The Ontario Court of Appeal rules that the government of Canada is within its constitutional right to impose a carbon tax in the province of Ontario. (Colin Perkel/The Canadian Press/file)

Another court rules in favour of federal carbon tax

The highest court in the province of Ontario has ruled that the federal government does have the power to impose a carbon tax as part of its effort to combat climate change. Imposition of the tax was opposed by Ontario’s provincial government which claimed the federal government was overstepping its jurisdiction.

The Canadian government had said it would impose a carbon tax on any province which did not have its own plan for reducing greenhouse gas emissions. A newly-elected government in Ontario scrapped a carbon cap-and-trade system and so the federal government imposed the carbon tax on April 1, 2019.

It has similarly imposed the tax on the provinces of New Brunswick, Saskatchewan and Manitoba, and plans to do the same on January 1, 2020 in the province of Alberta. 

Saskatchewan’s government also took the tax to its top court and lost. It plans to appeal to the Supreme Court of Canada in December 2019. The premier of Alberta too plans to go to court to try to oppose the federal tax after it is imposed.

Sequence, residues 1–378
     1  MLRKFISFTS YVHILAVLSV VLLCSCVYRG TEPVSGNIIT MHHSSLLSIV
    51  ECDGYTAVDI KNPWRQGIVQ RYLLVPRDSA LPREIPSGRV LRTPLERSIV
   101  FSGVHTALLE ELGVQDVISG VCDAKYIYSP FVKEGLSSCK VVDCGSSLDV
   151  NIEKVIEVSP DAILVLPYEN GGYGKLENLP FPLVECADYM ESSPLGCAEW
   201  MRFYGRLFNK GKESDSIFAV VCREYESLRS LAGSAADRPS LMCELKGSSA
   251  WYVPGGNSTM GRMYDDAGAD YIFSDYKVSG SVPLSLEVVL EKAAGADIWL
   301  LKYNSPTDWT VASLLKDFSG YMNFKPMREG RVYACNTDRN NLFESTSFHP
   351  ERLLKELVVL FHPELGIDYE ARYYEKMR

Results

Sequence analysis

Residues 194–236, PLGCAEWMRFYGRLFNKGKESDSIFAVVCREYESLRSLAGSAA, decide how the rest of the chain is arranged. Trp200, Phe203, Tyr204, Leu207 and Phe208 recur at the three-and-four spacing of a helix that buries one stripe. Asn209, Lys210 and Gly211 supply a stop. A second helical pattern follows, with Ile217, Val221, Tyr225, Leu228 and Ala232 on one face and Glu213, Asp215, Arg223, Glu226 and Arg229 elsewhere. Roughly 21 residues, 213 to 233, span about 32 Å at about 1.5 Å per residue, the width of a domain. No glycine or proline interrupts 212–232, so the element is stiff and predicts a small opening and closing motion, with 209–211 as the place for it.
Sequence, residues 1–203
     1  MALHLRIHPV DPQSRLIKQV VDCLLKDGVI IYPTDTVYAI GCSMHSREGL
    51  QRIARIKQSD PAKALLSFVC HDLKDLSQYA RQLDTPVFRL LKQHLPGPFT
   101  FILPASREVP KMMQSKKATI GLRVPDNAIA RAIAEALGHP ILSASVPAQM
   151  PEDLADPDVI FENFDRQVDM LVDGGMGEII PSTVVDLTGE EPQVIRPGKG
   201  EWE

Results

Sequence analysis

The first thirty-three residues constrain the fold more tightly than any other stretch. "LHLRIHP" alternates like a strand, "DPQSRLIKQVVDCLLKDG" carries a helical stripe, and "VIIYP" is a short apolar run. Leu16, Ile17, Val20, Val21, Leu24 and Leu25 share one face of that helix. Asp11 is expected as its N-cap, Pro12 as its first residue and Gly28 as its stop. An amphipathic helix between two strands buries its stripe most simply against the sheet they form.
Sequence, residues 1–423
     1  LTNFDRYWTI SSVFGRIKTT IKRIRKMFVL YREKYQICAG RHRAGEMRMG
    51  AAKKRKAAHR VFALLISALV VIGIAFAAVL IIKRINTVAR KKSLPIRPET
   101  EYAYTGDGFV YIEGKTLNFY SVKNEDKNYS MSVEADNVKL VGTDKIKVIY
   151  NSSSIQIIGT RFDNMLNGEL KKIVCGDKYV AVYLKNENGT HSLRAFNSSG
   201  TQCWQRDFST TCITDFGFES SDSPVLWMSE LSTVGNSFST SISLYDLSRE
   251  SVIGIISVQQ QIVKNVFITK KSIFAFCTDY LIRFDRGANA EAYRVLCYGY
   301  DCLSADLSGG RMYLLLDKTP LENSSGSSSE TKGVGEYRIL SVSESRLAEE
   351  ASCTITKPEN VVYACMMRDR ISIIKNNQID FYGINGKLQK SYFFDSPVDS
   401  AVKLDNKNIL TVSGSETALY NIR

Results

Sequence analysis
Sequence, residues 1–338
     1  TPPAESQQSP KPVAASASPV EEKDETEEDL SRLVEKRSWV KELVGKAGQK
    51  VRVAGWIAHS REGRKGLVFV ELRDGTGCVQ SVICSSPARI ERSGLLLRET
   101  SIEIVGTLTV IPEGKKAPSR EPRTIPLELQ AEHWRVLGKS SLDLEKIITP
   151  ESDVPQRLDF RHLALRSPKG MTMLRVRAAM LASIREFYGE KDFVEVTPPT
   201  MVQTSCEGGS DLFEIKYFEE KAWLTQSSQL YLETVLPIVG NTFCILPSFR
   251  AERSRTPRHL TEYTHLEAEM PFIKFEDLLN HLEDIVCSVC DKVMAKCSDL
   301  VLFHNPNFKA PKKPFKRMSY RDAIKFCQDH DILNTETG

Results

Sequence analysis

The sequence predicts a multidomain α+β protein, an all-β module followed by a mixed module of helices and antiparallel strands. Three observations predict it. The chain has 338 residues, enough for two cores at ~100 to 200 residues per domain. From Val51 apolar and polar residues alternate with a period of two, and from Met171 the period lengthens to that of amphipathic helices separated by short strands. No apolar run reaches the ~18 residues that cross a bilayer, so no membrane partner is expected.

Andrew Scheer, the leader of the federal opposition Conservative Party, has vowed to repeal the carbon tax if he is elected in the October federal election. (Daniella Ponticelli/CBC)

Carbon tax will be a top issue in election campaign

These provinces have several arguments as to why they oppose the tax. They say it will be costly for consumers, but the federal government has promised to refund the money to them on their tax returns. Some provinces argue the tax doesn’t work, others that it would be a drag on the economy. However the province of British Columbia has had a carbon tax for years and it has reduced emissions and the economy is doing  very well.

A federal election is set for October 21, 2019. Climate change and reducing greenhouse emissions will be a key campaign issue. Several provincial premiers are expected to campaign against the governing, federal Liberal party over this issue.

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